endorsements are made on the coupons against which petrol is supplied. It is
conceivable that in many cases the default will be committed by the servants of
the supplier, who are in charge of the petrol pump, but that fact by itself
will not exonerate the supplier from liability.
In Mousell Brothers v. London and
North-Western Railway('), Viscount Reading C.J., dealing with a case under the
Railways Clauses Consolidation Act, 1845, observed as follows :-"Prima
facie, then, a master is not to be made criminally responsible for the acts of
his servant to which the master is not a party. But it may be the intention of
the Legislature, in order to guard against the happening of the forbidden
thing, to impose a liability upon a principal even though he does not know of,
and is not party to, the forbidden act done by his servant. Many statutes are
passed with this object. Acts done by the servant of the licensed holder of
licensed premises render the licensed holder in some instances liable, even
though the act was done by his servant without the knowledge of the master.
Under the Food and Drugs Acts there are again instances well known in these
Courts where the master is made responsible, even though he knows nothing of
the act done by his servant, and he may be fined or rendered amenable to the
penalty enjoined by the law. In those [1)  2 K.B.D. 836 at 844.
331 cases the Legislature absolutely forbids
the act and makes the principal liable without a mens rea." In the same
case, Atkin J. expressed the same view in these words :-"I think that the
authorities cited by my Lord make it plain that while prima facie a principal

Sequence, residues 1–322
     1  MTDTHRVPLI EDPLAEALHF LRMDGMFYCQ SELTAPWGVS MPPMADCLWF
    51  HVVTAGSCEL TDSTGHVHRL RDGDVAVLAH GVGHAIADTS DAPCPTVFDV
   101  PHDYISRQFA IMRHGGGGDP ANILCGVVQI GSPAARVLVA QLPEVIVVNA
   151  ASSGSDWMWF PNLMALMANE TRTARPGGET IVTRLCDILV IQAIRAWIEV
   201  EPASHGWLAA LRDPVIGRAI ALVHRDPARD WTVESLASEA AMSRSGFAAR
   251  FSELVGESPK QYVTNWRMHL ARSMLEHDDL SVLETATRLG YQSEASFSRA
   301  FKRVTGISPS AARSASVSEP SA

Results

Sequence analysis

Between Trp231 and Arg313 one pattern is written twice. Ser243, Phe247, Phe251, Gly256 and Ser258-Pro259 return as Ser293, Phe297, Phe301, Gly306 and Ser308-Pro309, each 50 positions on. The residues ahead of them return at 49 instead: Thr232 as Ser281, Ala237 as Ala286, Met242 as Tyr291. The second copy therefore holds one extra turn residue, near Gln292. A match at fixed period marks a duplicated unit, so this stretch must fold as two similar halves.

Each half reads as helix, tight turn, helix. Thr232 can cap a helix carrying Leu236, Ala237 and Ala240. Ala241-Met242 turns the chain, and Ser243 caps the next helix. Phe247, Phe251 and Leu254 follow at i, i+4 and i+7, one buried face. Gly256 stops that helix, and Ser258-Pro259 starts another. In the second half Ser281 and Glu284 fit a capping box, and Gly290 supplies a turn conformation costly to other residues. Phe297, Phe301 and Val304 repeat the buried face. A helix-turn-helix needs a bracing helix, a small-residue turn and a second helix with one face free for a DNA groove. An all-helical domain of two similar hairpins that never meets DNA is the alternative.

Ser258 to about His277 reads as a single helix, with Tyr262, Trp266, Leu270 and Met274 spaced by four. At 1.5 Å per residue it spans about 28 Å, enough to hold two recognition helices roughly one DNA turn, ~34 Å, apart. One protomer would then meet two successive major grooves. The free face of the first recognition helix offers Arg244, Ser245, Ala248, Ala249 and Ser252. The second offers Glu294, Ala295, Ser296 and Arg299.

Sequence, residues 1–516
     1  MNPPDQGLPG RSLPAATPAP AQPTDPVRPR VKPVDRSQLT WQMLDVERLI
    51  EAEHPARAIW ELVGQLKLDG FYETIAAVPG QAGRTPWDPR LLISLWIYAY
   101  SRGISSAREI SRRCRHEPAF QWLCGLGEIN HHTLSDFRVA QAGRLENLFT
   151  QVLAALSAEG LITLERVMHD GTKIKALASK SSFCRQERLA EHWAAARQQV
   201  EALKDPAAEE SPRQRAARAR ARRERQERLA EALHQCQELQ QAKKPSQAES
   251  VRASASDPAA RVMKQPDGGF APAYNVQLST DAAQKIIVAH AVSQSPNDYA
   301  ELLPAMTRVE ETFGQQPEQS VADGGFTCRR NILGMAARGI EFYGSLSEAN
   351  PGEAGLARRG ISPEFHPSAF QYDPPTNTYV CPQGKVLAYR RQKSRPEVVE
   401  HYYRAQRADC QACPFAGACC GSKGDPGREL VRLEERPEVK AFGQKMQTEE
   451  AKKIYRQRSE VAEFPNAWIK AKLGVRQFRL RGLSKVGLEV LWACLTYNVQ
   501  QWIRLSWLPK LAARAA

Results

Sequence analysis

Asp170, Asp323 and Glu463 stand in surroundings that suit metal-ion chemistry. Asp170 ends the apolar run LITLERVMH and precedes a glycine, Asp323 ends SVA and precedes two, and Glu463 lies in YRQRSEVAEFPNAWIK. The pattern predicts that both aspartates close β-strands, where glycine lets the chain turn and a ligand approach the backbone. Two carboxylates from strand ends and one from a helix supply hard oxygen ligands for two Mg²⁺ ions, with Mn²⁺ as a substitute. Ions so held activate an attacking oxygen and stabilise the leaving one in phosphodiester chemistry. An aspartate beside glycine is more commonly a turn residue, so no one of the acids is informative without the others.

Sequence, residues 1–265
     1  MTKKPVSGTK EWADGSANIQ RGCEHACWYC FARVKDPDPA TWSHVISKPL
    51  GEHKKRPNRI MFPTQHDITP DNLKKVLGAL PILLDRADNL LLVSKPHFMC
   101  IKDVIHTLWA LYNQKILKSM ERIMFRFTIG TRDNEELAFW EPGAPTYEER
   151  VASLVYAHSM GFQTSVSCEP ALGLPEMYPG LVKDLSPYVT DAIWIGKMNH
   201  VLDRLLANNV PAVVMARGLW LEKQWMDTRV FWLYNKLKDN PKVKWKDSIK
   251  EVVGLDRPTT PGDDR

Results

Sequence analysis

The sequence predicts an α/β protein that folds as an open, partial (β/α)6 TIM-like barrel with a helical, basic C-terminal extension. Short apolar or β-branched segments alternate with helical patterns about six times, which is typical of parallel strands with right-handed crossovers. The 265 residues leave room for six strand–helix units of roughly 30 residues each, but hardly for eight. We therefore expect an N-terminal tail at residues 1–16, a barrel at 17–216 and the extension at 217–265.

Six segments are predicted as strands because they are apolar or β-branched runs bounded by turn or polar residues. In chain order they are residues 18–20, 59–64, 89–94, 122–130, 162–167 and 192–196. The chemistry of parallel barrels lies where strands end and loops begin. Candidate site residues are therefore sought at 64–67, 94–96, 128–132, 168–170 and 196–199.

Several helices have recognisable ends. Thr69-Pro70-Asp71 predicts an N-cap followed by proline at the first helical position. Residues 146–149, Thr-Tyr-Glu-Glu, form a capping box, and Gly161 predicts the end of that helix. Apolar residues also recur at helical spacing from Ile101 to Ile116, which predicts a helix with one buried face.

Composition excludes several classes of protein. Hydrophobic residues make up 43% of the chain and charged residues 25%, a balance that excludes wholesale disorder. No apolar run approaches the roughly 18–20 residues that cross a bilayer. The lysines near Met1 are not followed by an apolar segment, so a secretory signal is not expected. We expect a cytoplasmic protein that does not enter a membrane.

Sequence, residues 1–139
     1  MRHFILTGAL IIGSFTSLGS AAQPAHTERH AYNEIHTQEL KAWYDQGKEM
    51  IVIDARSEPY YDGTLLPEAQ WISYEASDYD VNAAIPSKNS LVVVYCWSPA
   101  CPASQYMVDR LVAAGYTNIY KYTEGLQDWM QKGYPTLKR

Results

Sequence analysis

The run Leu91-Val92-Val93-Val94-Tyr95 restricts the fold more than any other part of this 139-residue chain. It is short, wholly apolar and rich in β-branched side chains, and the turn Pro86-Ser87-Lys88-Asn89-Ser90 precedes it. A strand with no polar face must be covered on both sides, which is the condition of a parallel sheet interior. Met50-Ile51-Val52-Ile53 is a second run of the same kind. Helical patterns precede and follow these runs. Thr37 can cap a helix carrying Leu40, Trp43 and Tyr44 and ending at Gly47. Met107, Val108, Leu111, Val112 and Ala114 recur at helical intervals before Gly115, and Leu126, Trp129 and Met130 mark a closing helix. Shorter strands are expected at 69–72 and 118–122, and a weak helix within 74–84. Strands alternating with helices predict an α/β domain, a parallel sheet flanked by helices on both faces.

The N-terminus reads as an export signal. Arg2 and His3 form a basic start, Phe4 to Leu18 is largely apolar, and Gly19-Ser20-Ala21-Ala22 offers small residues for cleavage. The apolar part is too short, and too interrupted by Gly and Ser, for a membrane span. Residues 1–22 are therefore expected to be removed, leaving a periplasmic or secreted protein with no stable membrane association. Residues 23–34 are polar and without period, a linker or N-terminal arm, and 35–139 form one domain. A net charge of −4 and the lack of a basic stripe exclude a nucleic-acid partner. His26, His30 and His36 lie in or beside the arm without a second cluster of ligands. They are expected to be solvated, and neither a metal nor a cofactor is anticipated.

is not to be made criminally responsible for the acts of his servants, yet the
Legislature may prohibit an act or enforce a duty in such words as to make the
prohibition or the duty absolute; in which case the principal is liable if the
act is in fact done by his servants. To ascertain whether a particular Act of
Parliament has that effect or not regard must be had to the object of the
statute, the words used, the nature of the duty laid down, the person upon whom
it is imposed, the person by whom it would in ordinary circumstances be performed,
and the person upon whom the penalty is imposed. If authority for this is
necessary it will be found in the judgment of Bowen L.J. in Reg. v. Tylor(1).''
In Mullins v. Collins(2), the servant of a licensed victualler having knowingly
supplied liquor to a constable on duty without the authority of his superior
officer, it was held that the licensed victualler was liable to be convicted
although he had no knowledge of the act of his servant. In dealing with the
case, Blackburn J. observed thus:"If we hold that there must be a personal
knowledge in the licensed person, we should make the enactment of no
effect." There are many other cases in England in which the same view has
been enunciated, and some of them have been collected and classified in the
judgment of Wright J. in Sherras v. De Rutzen(3), The principle laid down in
these cases has been followed in several cases in this country also.
In this view, the appeal is allowed in part,
and while the conviction and sentence imposed on the (1)  2 Q B 588.
(3) IQB. 918,922.
(2)  L.,R. 9 Q. B. 292 332 appellant on
the first charge in both the cases are quashed, the conviction and sentence on
the third charge in the second case are affirmed.
Appeal allowed in part.
Agent for the appellants: S. Subramanian.
Agent for the respondent: P.A. Mehta.